She put her hands inside his robe, caressing his chest. “Explain later.”

When they returned from the Western Hills, a few days later, they found that Taitaro had come back. He was waiting for them in Jebu’s yurt.

“Of all the pleasant sights I’ve seen in my life, I can think of none that brings me more delight than the two of you together.”

Taniko looked down at the intricately patterned carpet of the yurt. Jebu said, “One day we will ask you to bless our wedding.”

“But not yet,” said Taniko. “Unfortunately I have another husband still living.”

“I promise you I will attend to that when we return to the Sunrise Land,” Jebu said.

“A Zinja is not vindictive,” Taitaro warned.

“I know,” said Jebu. “You’re going to tell me to spend more time with the Jewel.”

“What is the Jewel?” Taniko asked.

“One of the thousand all-important things I haven’t yet told you about,” Jebu said. “Have you heard of Yukio’s plan, sensei?”

“Yes, and I’ve come here to take you to Yukio’s yurt. He says he has something important to discuss with us. You’ll recall I was granted the vision of Yukio returning to the Sacred Islands in glory.”

“Then you approve of our going back?”

“We must drink the happiness of each moment, not mixing it with the unhappiness of the future.”

Jebu was about to say that he didn’t understand when Taniko spoke up. “I live in horror of the day Yukio sets foot on the Sacred Islands, Taitaro-sensei. The war he will bring upon our land will make the battles the Takashi and the Muratomo fought before look like children’s games.”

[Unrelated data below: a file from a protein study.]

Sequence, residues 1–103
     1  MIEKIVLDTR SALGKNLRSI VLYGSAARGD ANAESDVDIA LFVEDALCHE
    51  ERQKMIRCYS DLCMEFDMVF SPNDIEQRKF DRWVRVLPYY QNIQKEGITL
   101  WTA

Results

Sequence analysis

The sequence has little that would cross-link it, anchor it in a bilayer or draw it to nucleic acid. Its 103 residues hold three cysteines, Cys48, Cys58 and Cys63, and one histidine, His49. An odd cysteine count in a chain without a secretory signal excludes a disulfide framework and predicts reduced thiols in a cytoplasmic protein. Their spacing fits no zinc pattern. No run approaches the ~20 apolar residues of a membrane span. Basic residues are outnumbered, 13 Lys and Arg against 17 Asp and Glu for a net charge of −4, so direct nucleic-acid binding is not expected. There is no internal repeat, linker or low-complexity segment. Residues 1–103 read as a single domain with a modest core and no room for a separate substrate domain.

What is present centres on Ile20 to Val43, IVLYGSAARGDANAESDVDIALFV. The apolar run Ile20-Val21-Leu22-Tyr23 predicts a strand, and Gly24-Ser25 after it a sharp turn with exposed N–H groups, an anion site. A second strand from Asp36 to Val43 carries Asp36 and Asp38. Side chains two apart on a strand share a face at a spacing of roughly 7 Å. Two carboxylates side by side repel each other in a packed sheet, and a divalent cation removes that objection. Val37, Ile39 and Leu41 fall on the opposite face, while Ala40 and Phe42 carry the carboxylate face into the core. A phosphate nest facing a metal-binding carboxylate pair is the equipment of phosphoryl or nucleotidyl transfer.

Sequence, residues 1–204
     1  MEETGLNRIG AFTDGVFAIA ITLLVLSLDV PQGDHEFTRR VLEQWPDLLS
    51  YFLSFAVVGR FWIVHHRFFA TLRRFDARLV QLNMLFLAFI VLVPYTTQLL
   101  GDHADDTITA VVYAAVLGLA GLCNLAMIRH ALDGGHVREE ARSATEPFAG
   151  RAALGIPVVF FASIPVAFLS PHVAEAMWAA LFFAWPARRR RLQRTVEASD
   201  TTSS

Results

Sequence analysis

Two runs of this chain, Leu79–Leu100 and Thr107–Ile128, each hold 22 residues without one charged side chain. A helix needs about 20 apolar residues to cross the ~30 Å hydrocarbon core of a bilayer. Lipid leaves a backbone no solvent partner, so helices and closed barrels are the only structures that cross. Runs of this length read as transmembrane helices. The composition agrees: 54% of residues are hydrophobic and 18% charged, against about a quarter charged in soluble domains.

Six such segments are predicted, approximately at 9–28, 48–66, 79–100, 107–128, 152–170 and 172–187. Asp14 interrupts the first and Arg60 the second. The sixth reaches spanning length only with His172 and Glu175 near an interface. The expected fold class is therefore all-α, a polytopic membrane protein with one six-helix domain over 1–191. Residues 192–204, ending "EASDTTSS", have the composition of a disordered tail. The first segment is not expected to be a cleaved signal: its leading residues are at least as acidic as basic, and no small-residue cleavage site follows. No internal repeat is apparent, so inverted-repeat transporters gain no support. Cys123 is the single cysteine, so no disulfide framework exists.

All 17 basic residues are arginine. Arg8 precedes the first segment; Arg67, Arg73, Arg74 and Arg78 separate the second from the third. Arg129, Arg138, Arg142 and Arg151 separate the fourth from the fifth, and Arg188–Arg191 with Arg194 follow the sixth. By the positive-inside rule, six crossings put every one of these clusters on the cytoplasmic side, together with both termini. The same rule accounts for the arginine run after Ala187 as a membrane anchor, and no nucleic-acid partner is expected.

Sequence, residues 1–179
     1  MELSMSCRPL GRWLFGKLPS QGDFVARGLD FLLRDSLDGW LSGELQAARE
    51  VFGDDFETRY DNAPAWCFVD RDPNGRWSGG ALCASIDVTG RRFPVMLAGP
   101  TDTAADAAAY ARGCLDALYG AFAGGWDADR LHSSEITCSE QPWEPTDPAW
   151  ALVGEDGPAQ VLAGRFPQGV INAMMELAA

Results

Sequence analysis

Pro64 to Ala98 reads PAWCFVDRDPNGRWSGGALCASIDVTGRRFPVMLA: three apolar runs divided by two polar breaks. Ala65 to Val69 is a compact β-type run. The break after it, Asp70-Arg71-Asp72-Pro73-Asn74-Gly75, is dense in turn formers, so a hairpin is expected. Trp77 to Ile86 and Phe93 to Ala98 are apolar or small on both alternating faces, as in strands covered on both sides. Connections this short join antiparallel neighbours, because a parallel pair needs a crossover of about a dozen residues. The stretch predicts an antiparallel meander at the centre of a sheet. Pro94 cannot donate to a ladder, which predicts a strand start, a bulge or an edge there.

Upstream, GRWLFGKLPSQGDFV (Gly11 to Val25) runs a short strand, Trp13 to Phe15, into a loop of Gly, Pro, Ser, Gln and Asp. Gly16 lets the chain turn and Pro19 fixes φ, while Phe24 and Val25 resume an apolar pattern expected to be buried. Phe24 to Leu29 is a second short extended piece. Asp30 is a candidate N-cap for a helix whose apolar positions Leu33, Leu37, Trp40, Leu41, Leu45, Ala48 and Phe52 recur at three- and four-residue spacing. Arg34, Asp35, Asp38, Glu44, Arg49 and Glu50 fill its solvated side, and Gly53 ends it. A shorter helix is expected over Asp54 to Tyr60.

“I agree with you, daughter,” said Taitaro. “For hundreds of years my Order had hoped gradually to put an end to the bloodshed in our land and other parts of the world. Now that I’ve seen the wars of the Mongols—the kind of war Yukio will fight when he goes home—I think that was a vain dream.”

The thousands of hammers at work in Khan Baligh rang incessantly through the warm spring air. The building of the new capital began at dawn and continued until sunset every day, and some of the labourers worked on into the night by torchlight.

Nearer at hand, smoke rose from the centre-hole cooking fires of the long, disciplined lines of grey yurts. Children ran up and down the streets playing games. A band of older boys on ponies galloped down the centre of the street with wild whoops, forcing Jebu and Taitaro to jump to one side. Herds of shaggy steppe ponies, the mounts of the Khan Baligh garrison, grazed without fence or tether in the near-by hills.

All these sights have become so familiar to me, Jebu thought, that the land where I was born will seem strange when I first set foot on it. There are no prairies for grazing there, no warriors in felt tents. How small our islands seem in comparison to the vast spaces of China and Mongolia.

Taitaro broke in on his thoughts. “It pleases me to think I might become a grandfather.”

Jebu sighed. He decided that Taitaro was the one person to whom he might confide his problem. He unfolded what he knew of the story of Taniko and Kiyosi and then told how he had killed Kiyosi in the battle of Hakata Bay.